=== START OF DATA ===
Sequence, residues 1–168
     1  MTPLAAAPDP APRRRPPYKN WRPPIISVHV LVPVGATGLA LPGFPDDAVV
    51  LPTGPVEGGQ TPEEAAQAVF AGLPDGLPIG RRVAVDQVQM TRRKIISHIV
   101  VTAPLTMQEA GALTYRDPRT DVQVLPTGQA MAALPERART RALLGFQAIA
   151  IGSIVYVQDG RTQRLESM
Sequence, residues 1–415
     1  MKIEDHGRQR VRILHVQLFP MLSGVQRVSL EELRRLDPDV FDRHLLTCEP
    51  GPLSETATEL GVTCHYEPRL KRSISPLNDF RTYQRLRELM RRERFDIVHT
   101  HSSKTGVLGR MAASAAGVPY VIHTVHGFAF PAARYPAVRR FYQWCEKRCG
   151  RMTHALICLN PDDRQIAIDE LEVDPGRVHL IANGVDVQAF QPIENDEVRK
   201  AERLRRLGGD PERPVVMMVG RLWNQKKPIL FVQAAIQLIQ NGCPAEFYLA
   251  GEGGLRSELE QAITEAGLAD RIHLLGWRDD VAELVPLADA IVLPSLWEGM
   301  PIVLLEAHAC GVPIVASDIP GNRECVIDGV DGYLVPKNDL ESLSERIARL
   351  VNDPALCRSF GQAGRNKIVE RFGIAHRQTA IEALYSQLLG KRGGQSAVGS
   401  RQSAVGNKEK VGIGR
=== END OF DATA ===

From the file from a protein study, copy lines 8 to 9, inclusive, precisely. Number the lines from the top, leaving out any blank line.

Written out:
    51  GPLSETATEL GVTCHYEPRL KRSISPLNDF RTYQRLRELM RRERFDIVHT
   101  HSSKTGVLGR MAASAAGVPY VIHTVHGFAF PAARYPAVRR FYQWCEKRCG